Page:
Recetas deliciosas to transport your tastebuds south of the border.
Do side dishes at potlucks and cookouts ever give you trouble? They're trouble for me. The big problem is that with large, informal gatherings, it's hard to gauge how long a dish will have to be held before it's served, or to predict exactly how it's going to be transported. The results are something we're all familiar with: mushy, congealed mac and cheese, crusted-over dips, soggy fried chicken, and the like. The ideal potluck or cookout dish is one that is easy to make in bulk and inexpensive, and doesn't degrade with extended heating or reheating.
I nominate frijoles charros—Mexican cowboy beans cooked with onions, garlic, tomatoes, salted pork, and chilies—as one superlative potluck dish. It not only hits all of those criteria but also adds on "extremely delicious" for good measure.
Like Texas-style chile con carne, frijoles charros (or frijoles rancheros, depending on who's talking) is a dish created by cowboys, for cowboys. As such, it's filling, hearty, and easy, requiring only one pot, some inexpensive ingredients, and a little time.
These aren't the spoonable refried beans you find at typical hot-plate Mexican restaurants. Frijoles charros are wetter, straddling the line between soup and stew. Often they're wet enough that they'll come served in a bowl, with a spoon instead of a fork. At the cute little Mexican fonda around the corner from my house, meals start with a small cup of soup that's nothing more than the rich liquid strained from the pot of frijoles charros. The beans themselves are served separately in shallow saucers with the main course, and even after straining, they're plenty soupy.
Spice and smoke are the key flavors here. The former comes from fresh chilies (I use jalapeños or serranos). There are a couple of ways you can achieve the latter. Depending on your situation, the first might be the easiest: Just cook them over a campfire. I'm serious about that—frijoles charros makes an excellent camping dish because, after all, that's essentially what the charros invented it for in the first place. Dried beans are lightweight; onions, garlic, chilies, and fresh or tinned tomatoes last a long time even at room temperature, as does a good hunk of salted pork. All you need are some hot embers, a nice cast iron Dutch oven, and time. Keep the lid ever-so-slightly cracked as the beans cook and they'll get plenty smoky in the process.
If you're making the dish indoors, you have a couple of other options for smoke. Most recipes just call for bacon and not much else. Some will also include canned fire-roasted tomatoes. Both of these options work great. But for even better flavor, I like to start with whole tomatoes and char them myself.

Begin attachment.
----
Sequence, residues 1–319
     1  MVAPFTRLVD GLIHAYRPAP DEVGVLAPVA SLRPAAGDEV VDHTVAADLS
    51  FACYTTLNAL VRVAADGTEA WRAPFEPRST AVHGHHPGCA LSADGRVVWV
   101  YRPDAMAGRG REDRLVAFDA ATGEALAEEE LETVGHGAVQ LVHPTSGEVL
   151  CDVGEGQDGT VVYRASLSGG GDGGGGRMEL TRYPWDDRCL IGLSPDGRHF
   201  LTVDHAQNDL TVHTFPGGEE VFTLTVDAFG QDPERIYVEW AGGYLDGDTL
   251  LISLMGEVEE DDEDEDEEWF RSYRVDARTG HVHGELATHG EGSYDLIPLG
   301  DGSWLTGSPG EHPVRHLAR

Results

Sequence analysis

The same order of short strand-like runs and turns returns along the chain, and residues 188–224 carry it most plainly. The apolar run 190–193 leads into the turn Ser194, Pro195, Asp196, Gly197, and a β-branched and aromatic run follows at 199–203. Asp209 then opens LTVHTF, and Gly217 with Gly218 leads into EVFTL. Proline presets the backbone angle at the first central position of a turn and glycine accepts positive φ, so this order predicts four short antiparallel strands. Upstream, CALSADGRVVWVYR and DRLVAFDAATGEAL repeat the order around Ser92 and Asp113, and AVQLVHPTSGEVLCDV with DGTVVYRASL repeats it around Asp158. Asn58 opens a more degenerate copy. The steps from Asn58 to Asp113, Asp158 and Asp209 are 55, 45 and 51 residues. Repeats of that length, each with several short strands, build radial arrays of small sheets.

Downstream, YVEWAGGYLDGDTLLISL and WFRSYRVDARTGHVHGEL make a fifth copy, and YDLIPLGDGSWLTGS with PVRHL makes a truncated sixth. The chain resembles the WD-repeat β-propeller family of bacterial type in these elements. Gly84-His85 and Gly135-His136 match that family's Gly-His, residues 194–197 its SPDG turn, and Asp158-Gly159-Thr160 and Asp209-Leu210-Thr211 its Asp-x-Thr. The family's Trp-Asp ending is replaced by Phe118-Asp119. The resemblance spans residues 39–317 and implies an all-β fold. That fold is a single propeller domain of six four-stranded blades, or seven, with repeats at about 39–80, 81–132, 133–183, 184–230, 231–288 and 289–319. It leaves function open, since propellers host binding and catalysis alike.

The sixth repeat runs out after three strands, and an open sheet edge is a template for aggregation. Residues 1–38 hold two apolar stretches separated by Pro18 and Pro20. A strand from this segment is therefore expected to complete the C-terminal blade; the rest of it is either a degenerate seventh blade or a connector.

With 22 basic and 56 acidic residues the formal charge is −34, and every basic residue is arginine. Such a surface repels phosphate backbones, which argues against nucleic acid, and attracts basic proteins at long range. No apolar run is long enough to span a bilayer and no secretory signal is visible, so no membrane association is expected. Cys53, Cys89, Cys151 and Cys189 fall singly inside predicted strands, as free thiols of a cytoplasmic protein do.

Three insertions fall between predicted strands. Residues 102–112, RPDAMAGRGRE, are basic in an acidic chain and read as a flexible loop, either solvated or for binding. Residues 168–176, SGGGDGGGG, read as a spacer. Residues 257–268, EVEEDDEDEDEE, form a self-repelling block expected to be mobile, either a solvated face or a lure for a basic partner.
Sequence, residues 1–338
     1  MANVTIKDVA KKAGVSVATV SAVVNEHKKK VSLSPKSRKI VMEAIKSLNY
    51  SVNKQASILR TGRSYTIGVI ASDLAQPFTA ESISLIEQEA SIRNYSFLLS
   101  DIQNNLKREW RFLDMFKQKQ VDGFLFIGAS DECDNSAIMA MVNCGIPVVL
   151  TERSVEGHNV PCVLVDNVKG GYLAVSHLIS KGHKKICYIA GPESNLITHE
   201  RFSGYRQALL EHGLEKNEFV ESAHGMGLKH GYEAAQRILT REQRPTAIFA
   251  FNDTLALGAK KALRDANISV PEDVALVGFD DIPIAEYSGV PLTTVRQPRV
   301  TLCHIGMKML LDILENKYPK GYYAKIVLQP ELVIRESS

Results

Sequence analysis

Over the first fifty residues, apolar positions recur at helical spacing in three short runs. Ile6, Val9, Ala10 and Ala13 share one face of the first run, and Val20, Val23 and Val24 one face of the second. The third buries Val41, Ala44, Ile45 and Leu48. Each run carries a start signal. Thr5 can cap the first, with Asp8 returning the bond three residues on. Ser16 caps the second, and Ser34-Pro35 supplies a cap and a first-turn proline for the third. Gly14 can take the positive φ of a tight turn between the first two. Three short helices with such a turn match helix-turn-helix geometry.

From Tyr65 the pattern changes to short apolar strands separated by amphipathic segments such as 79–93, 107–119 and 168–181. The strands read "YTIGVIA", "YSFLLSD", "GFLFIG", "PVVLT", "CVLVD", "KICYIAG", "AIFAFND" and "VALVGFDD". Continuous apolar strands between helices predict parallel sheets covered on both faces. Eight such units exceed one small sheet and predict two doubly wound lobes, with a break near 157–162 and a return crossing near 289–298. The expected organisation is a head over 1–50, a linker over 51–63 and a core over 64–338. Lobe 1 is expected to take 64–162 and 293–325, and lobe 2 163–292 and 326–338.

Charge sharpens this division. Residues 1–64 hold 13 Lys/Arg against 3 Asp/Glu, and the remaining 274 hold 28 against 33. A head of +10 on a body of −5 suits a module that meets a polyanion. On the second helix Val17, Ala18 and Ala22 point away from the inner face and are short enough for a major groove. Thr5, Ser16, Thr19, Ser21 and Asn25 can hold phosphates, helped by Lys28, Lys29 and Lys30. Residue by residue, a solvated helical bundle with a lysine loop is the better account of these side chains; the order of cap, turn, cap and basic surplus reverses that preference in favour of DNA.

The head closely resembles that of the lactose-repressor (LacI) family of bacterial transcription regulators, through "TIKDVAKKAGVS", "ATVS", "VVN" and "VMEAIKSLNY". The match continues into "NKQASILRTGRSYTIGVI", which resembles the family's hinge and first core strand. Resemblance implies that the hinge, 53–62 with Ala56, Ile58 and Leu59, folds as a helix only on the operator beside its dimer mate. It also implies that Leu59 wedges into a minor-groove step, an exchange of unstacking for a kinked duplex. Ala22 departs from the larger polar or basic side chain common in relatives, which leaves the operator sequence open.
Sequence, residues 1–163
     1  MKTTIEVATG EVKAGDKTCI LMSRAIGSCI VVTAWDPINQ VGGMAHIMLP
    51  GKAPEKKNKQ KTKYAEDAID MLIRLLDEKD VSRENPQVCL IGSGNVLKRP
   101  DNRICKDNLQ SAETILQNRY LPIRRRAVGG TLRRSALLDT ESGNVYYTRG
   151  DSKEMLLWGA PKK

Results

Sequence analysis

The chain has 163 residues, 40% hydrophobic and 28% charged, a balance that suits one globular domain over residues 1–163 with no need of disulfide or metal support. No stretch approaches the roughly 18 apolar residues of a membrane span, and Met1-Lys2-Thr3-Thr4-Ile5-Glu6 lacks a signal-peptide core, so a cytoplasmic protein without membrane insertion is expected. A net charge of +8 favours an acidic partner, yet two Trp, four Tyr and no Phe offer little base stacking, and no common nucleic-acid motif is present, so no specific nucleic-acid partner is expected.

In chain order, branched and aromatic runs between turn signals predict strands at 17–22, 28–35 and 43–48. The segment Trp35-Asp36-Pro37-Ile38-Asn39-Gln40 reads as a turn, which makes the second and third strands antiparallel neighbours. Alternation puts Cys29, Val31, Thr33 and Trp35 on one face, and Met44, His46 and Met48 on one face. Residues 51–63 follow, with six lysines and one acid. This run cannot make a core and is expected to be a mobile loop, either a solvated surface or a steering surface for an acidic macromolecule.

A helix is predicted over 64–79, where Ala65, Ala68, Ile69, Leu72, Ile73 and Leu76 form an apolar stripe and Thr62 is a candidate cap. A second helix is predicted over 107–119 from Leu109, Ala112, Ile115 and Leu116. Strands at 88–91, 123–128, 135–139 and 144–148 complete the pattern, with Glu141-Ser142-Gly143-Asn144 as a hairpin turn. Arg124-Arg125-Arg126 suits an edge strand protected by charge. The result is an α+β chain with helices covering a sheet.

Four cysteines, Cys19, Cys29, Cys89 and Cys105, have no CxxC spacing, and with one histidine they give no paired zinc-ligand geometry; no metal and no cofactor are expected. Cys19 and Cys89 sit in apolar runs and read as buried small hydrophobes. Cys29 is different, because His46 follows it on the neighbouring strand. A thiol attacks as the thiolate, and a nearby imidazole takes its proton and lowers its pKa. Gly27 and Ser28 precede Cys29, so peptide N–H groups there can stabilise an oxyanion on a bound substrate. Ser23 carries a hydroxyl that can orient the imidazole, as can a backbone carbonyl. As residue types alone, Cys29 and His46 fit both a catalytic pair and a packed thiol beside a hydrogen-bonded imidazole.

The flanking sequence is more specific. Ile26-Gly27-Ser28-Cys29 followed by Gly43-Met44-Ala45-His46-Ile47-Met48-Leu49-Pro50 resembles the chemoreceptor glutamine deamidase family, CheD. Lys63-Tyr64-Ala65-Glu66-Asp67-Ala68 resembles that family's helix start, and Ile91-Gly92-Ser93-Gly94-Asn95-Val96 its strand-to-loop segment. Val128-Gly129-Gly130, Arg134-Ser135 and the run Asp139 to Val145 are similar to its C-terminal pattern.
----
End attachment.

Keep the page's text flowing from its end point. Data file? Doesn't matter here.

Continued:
It's a really simple process. Just place ripe Roma tomatoes directly over the flame of a gas burner or on top of a hot grill, and use a pair of tongs to rotate them until their skins have blackened and started to peel away. If you have a handheld torch, it's even easier—place the tomatoes in a pan and torch away, turning them until they're blistered all over. (Folks without live fire in their kitchens have it a little tougher—I honestly just recommend using canned fire-roasted tomatoes in those cases.)
To start the dish, I sauté bacon in a Dutch oven until its fat has rendered, then add onions and chilies, cooking them in the bacon fat until softened. I add a few cloves of minced garlic—adding it after cooking the onions and peppers ensures that the burn-prone garlic doesn't brown too much—and the tomatoes. Once that aromatic base has reduced a little, I add beans, cooking liquid (I use chicken stock, though water works fine), along with a big pinch of salt (contrary to popular belief, salt will not cause beans to toughen as they cook, but in fact will help them tenderize more efficiently), a couple of bay leaves, and a sprig of epazote.
I tried cooking the beans a number of ways. Some beans (like black beans) don't require soaking, but unless your pintos are destined to be mashed into refried beans, I recommend soaking them, which allows them to cook up tender and creamy without blowing out or falling apart. If you're in a real hurry, using canned beans actually works surprisingly well in this recipe—I drain and rinse them, cut back on the total liquid by half, and make sure to simmer them with the aromatic ingredients long enough for them to absorb some flavor.
But the best way to do it is to soak dried beans overnight in salted water before simmering them the next day. Soaked pinto beans take only about 45 minutes to get to a completely soft, creamy consistency.
There's not really much more to it. Once the beans are done, you can adjust the consistency to suit your taste in a few ways. If you like it very soupy—think: broth with fully intact beans—just season and serve it as is (with a sprinkle of chopped cilantro). If you like it more stew-like, you can use an immersion blender to mash up some of the beans. Personally, I prefer to just simmer until the starch released by the beans thickens up the broth into a creamy consistency and the flavor is intensified. Whatever method you use, make sure to season the beans to taste just before serving.
If you're ever feeling down about yourself, here's a guaranteed cure: Get yourself invited to a potluck, bring these beans, and wait for the compliments and appreciation to start rolling in.
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